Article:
About this course: The goal of this course is to ensure that you have a proper background to take calculus at Stony Brook. This means that we will need to accomplish several things:
- Ensure that you have fluency with a variety of topics, such as trigonmetry, exponentials and logarithms, algebraic functions (polynomials and rational functions).
- Ensure that you are comfortable and conversant with the underlying concepts such as functions, domain, range, inverse functions, functional composition, and so on.
- Ensure that you have mastered the various means of manipulating functional and algebraic expressions, solving basic equations, and their graphical representations.
- Be able to apply the above to problems both within and outside of mathematics. Part of this is a deeper understanding of functions, whether viewed as graphs, tables, or formulae. Fluency in understanding the languange of mathematics is essential for success in the sciences or engineering.
Precalculus: a Prelude to Calculus (2nd edition),
by Sheldon Axler.
Use of WebAssign is required. There are many options regarding the text other than from the bookstore; please see the page about the text on the class web page for details.
Course Prerequisites: In order to take MAT123, you must have either
- Passed MAP103 with a grade of C or better, or
- Received a score of level 3 or better on the math placement exam.
Before class: Most weeks, one or more videos will be posted. The material in the videos is also covered in the textbook. Watch the videos and read the text before the lecture! This will greatly increase your comprehension, and enable you to ask intelligent questions in class. Furthermore, the lectures will assume you have prepared for class by doing this.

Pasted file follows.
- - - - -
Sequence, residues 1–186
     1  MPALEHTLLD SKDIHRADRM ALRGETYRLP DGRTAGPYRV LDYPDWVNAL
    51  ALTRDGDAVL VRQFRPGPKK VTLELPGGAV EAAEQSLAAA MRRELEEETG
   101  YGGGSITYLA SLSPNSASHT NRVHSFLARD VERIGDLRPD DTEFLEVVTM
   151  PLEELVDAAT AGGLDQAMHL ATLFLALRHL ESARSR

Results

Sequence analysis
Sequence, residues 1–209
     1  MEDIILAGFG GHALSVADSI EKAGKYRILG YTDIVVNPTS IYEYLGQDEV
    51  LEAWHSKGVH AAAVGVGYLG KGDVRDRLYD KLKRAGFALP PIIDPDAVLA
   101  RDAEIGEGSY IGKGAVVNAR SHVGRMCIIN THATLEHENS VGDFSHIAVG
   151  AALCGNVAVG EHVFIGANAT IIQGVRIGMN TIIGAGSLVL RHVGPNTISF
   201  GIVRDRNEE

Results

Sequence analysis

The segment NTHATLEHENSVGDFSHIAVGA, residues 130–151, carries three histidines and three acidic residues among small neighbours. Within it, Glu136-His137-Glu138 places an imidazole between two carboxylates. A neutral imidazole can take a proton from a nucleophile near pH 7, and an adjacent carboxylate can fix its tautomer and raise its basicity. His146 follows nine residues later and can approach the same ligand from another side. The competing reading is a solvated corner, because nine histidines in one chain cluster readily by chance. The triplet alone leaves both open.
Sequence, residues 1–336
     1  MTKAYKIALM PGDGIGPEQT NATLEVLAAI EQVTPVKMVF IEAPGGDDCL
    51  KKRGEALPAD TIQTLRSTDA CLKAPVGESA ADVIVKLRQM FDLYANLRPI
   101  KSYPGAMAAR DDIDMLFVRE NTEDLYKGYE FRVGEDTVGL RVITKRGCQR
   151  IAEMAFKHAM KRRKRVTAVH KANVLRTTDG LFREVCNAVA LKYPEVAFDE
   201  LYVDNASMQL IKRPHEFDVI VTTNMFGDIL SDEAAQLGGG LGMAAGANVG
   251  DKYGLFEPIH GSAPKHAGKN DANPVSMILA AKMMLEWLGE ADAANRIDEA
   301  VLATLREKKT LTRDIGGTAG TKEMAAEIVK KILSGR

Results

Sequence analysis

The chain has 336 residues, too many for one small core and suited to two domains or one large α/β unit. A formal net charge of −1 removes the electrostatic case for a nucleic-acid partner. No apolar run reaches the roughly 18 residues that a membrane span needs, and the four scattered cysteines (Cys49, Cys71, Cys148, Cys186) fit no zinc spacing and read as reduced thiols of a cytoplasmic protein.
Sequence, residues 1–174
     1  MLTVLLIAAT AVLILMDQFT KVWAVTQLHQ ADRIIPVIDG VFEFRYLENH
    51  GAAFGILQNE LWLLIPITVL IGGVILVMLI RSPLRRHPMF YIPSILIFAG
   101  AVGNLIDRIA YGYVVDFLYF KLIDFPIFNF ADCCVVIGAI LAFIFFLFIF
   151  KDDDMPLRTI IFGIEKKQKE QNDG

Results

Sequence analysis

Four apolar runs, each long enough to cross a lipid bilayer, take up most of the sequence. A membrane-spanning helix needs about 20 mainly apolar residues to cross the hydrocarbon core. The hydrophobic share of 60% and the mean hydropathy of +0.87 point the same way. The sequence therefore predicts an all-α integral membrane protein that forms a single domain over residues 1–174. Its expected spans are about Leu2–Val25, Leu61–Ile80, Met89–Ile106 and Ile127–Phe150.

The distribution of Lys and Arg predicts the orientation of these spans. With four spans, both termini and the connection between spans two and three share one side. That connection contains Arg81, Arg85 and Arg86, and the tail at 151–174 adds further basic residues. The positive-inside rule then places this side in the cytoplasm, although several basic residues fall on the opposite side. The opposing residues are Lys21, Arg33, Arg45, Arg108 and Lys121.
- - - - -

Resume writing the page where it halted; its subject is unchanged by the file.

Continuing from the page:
Examinations and grading: There will be two evening exams, and the ever-popular final exam. The dates and times are listed below; the locations will be announced later. Part of your grade will be based on class participation in both recitation and lecture.
|What||When||% of Final Grade|
|Exam 1||Wednesday, September 30||8:45-10:15 pm||25%|
|Exam 2||Thursday, October 29||8:45-10:15 pm||25%|
|Final Exam||Wednesday, December 9||2:15-5:00 pm||35%|
|homeworks (WebAssign and paper)||10%|
|participation in lecture and recitation||5%|
Make sure that you can attend the exams at the scheduled times; make-ups will not be given. If you have evening classes, resolve any conflicts now. If one midterm exam is missed because of a serious (documented) illness or emergency, the semester grade will be determined based on the balance of the work in the course.
Exam format: Each of the midterms and the final will be in two parts: the first part will consist of a number of basic problems to ensure that you have minimal mastery of the subject. The second part will contain more challenging problems, similar to the harder problems from the homework and requiring a deeper mastery of the material. Your grade on the exams will be based on the combination of both, you cannot get a grade of C or higher unless you pass the first part of the exams. Since everybody messes up sometimes, students will have more than one attempt to pass part 1 of each exam (with different questions).
Homework: You can not learn mathematics without working problems. Expect to spend at least 8 hours a week solving problems; do all of the assigned problems, as well as additional ones to study. If you do not understand how to do something, get help from your TA, your lecturer, your classmates, or in the Math Learning Center. You are encouraged to study with and discuss problems with others from the class, but write up your own homework by yourself, and make sure you understand how to do the problems. Specific problem assignments can always be found on the class web page.
There will be weekly homework assignments, in two parts. One part will be done online in WebAssign and a separate assignment will be handed in on paper; see the class web page for details. WebAssign homeworks are due every wednesday in the morning (think ``Tuesday before I go to sleep''); problems solved at least 2 days before the due date get extra credit. Paper homeworks will be due during recitation each week.